A film to fall in love with.

No(ir)vember: Nightmare Alley (1947)

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Let’s take a stroll down Edmund Goulding’s ‘Nightmare Alley’, the one of the darkest and grimmest places  you can venture in film noir. Cast against type, Tyrone Power gives arguably his greatest performance as scumbag trickster Stanton Carlisle who works at a travelling carnival. Stan is ambitious and will stop at nothing to reach the top so when he hears that fellow artiste Mademoiselle Zeena (Joan Blondell – fabulous) and her husband once had a lucrative mind-reading act, he sets out to seduce her to learn the code while all the name making eyes at gorgeous Molly (the excellent Coleen Gray) who’s in an act with strongman Bruno. Only one thing haunts Stan; the geek, part man, part animal, a stage show freak who devours live chickens and can only be calmed by a bottle of spirits a night. How could anyone sink so low, he wonders?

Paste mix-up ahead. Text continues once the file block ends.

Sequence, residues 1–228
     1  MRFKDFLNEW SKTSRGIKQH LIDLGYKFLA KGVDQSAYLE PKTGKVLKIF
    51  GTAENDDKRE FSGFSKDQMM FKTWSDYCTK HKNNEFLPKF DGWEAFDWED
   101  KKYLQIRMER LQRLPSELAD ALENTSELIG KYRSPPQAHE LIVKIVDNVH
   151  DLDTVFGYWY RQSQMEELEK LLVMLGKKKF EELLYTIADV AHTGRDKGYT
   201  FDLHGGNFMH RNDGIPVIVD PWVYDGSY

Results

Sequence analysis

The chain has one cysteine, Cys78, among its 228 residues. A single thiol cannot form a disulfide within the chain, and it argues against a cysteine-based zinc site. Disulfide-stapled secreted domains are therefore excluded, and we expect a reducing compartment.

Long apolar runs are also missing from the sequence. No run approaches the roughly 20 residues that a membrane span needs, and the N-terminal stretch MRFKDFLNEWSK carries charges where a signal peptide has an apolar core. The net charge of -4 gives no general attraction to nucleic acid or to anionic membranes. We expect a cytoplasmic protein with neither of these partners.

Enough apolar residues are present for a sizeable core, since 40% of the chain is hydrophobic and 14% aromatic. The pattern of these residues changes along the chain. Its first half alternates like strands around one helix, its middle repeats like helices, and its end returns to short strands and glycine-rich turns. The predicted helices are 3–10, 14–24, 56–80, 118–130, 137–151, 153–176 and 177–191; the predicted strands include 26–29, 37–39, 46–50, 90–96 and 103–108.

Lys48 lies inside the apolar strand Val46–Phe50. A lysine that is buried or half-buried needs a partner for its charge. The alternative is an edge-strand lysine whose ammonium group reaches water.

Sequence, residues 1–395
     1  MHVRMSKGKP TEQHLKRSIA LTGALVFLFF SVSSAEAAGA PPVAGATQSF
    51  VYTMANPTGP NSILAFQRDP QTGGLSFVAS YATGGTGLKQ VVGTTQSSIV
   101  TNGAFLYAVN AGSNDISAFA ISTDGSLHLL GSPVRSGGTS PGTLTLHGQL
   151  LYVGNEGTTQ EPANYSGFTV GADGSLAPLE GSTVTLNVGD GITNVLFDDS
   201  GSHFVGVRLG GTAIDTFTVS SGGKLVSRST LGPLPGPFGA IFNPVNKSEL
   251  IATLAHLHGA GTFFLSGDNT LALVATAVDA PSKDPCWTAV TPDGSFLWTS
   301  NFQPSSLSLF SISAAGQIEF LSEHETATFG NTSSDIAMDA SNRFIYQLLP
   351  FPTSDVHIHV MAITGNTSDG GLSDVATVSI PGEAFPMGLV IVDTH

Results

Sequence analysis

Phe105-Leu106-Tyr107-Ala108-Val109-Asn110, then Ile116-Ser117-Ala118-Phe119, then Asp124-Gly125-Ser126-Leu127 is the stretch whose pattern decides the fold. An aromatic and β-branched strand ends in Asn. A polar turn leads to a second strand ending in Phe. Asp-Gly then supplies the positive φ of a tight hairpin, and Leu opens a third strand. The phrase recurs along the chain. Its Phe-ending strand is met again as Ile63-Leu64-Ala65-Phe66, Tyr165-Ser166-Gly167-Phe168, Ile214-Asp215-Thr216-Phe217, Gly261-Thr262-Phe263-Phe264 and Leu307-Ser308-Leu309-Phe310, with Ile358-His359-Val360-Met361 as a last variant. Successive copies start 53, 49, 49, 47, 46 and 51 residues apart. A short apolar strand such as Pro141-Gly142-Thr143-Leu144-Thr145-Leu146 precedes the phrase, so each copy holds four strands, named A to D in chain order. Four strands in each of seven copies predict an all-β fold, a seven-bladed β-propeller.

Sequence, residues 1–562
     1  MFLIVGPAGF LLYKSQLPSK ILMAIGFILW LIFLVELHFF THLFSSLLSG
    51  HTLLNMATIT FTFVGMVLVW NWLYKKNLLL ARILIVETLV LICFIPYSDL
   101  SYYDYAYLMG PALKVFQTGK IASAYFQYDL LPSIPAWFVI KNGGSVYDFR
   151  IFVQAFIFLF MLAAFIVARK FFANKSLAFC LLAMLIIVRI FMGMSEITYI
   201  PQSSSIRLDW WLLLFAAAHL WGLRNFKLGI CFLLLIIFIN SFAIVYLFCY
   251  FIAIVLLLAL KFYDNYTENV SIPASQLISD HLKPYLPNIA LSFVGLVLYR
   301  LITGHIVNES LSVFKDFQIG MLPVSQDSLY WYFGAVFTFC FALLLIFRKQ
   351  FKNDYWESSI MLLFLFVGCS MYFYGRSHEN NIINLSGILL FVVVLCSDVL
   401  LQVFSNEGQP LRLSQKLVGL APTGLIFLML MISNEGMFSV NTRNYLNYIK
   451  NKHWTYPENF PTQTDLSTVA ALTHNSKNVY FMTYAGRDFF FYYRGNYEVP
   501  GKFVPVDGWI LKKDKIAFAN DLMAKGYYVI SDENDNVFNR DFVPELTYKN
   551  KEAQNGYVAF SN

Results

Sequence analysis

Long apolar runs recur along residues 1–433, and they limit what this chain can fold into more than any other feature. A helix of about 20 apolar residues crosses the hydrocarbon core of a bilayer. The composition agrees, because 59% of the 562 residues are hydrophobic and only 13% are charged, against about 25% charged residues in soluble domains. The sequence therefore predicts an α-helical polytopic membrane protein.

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Once he has the code, Stan and Molly get married and set about hitting the big time with their new act and make quite a stir in Chicago. But Stan finds himself drawn to Dr. Lillith Ritter (Helen Walker as a chilling therapist), a fellow charlatan and opportunist. They seem to make a great team but can she really be trusted?

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It’s the rise and fall of a man destroyed by his ambition and deceit. I can think of few films so dark and cynical and the alcohol fuelled visions only add to its haunting quality. It’s both compelling and repulsive and one which you’ll never forget. Not even the happy ending they tried to tack on can erase the sense of despair. And you have to see it for Tyrone Power – he is simply magnificent.

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No(ir)vember: Kiss of Death (1947)